The late civil rights activist, artist and philanthropist Charles E. Mays (1933-2019), without question, determinedly left the world a better place than he found it.
Mays would’ve greatly contributed had he merely joined the ranks of conscientious men and women who work with the NAACP, Urban League, and other organizations to secure social progress.
He did that and much more.
Mays worked as an NAACP field director on the civil rights front line in Mississippi. In Minneapolis, he chaired the youth committee, was the Great Plains youth field director, and vice president of the institution’s state conference.
He also worked as president of the Joint Committee for Equal Opportunity of Greater Minneapolis; directed public relations and human resources at Pilot City Health Center; served as director of the MLK Office for St. Paul Family Services; and developed and oversaw Hennepin County Home School’s chemical dependency program.
This is but an indication of the breadth of Mays’ penchant for taking direct action to promote fair housing, education, voting rights, employment, and otherwise eradicate African Americans’ longstanding status as “second-class citizens.”
Gathered recently at Sovereign Grounds cafe in South Minneapolis, colleagues who were both professionally and personally associated with the community leader fondly reflected on his career accomplishments, life, and his humanity.
Elizabeth Moore knew Mays nearly 50 years. “He worked very hard for the community on many social and political problems,” she recalled. This included soldiering beside Dr. Anita Bracey-Brooks, who was key in establishing the University of Minnesota’s Black History Department.
“[Bracey-Brooks] started the Minnesota chapter of the National Association of Black Social Workers, but had medical problems. Charles, myself, Chester McCoy and others took over her work and have been active ever since.
“In later years, Charles and I worked [at] AARP where he became president of the Twin Cities chapter,” Moore noted. “He was very compassionate, a loving and giving person, intelligent and had a sense of humor. I really miss him.”
Art Serotoff, along with the Martin Luther King Park Legacy Council, successfully put Mays’ name forward for the Minneapolis Park and Recreation Board’s Rev. Dr. Martin Luther King, Jr. “Living the Dream” Award in 2015.
Serotoff recalled that in addition to Mays’ many accomplishments, including playing a part in the Minneapolis NAACP’s winning lawsuit against the Minneapolis Public Schools to remove so-called separate but equal education, “He had another side. Charles was a great patron of the arts. He was a collector of truly amazing artwork done by people of African descent across the globe.
“He did trips [abroad] several times. In his house he had paintings. He had masks, sculpture. A ton of books. He didn’t get the chance, but he wanted to make his home into a museum to recognize art. He was real good friends with Ta-coumba Aiken, Seitu Jones. He would go down to their studios.”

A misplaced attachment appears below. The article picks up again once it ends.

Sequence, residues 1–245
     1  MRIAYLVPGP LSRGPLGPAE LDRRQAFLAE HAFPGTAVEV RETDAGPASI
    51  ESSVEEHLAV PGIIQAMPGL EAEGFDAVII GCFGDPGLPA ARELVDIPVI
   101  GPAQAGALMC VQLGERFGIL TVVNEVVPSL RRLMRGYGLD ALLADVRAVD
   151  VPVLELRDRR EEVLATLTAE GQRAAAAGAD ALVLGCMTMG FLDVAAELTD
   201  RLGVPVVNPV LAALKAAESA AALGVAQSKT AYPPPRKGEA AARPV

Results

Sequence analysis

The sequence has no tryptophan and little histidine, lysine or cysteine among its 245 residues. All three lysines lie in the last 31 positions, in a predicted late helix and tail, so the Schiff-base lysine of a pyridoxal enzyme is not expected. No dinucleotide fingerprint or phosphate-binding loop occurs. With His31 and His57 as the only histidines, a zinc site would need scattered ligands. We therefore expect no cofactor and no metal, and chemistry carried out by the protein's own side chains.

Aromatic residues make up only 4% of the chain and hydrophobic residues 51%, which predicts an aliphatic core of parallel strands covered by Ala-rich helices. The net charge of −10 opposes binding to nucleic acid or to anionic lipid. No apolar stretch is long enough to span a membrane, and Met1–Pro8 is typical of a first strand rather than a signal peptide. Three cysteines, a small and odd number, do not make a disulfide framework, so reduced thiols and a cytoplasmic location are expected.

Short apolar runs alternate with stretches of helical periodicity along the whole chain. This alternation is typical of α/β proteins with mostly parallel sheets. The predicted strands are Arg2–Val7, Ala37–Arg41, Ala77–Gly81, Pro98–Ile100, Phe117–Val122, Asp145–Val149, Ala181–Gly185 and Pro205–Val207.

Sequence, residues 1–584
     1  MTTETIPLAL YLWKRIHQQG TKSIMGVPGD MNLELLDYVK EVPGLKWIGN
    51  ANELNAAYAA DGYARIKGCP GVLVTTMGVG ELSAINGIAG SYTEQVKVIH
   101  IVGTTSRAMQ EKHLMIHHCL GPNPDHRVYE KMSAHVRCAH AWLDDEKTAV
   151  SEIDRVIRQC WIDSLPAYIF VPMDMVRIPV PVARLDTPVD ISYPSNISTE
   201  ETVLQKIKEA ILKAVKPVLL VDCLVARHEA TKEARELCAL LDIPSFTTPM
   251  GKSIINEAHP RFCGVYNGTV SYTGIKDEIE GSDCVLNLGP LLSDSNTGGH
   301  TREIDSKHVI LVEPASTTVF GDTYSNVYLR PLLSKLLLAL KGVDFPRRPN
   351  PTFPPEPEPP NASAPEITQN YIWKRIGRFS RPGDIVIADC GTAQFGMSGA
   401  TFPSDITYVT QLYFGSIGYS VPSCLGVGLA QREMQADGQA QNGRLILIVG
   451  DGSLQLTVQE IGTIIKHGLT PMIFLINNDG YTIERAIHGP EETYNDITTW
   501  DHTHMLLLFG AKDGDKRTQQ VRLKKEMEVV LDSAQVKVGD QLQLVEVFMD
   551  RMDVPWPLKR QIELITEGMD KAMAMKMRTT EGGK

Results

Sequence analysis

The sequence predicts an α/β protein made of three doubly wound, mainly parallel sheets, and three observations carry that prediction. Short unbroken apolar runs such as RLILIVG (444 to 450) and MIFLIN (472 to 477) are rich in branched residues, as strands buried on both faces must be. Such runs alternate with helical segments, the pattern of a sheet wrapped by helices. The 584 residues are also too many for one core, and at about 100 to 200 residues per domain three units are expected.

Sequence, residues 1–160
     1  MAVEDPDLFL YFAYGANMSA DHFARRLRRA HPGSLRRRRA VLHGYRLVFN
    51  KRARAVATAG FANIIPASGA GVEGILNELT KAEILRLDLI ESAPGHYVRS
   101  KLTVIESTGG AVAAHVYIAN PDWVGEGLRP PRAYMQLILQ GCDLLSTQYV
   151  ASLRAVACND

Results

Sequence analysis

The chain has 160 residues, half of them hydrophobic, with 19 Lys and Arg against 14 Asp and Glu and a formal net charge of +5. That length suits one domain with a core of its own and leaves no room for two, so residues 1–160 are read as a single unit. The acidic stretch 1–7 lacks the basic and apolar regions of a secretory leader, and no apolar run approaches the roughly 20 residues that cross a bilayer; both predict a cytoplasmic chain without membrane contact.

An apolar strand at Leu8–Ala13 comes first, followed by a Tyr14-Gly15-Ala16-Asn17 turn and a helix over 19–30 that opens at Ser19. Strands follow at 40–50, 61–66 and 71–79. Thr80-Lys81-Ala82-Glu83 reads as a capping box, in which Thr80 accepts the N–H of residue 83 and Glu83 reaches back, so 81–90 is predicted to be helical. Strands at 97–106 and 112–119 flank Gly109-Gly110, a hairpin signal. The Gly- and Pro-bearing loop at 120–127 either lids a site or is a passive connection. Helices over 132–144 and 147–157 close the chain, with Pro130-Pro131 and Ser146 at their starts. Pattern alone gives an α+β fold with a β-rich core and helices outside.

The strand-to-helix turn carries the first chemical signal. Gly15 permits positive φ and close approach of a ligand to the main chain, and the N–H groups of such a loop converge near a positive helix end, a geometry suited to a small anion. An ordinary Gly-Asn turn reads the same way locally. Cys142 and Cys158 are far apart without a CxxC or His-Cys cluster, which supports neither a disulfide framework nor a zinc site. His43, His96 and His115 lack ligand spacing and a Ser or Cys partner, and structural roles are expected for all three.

Mays was also a founding member of the National Museum of African American History and Culture in Washington, D.C., as well as an advisory member of Obsidian Arts celebrating Black visual culture.
Verlena Matey-Keke noted, “What I really appreciated was that he wasn’t only committed to projects he worked on. He supported the work of others.” Toward that end, his work was inclusive, as he showed concern for LGBTQ issues, including discrimination. He staunchly supported the African American AIDS Task Force and worked to reduce the indignity associated with HIV and AIDS.
More than a high-profile figurehead, he’d roll up his sleeves to sit one-on-one with individuals. Dr. Annie Baldwin recounted an instance of Mays aiding an aspiring professional who, though skilled, lacked sufficient savvy to navigate the system. “A gentleman Charles and I worked with had trained to be a tailor. [He was] required to take additional courses, but did not understand how to answer University of Minnesota test questions.
“At my kitchen table, [we] helped him pass that test. He was then able to work in Minneapolis Public Schools. Charles was interested in helping anybody when he thought he could lend a hand.”
A memorial service at Unity South Church was held for Mays on July 4 with Twin Cities’ theater luminary T. Mychael Rambo offering welcoming remarks. The program, “A Life of Empathy, Compassion, Philanthropy, and Service,” was appropriately titled.
After a lifetime of trailblazing activism, Mays passed peacefully on June 5 in the care of his niece Michele Bratcher Goodwin and sister Gloria Mays-Fulsom. He was 85 years old. A memorial website, charlesmays.org, is dedicated to his legacy.
There will be a celebratory observance of Charles Mays’ life and legacy on July 23 at Martin Luther King Park in Minneapolis at 6 pm, sponsored by Minneapolis AARP and the Martin Luther King Park Legacy. The gathering is open to the public.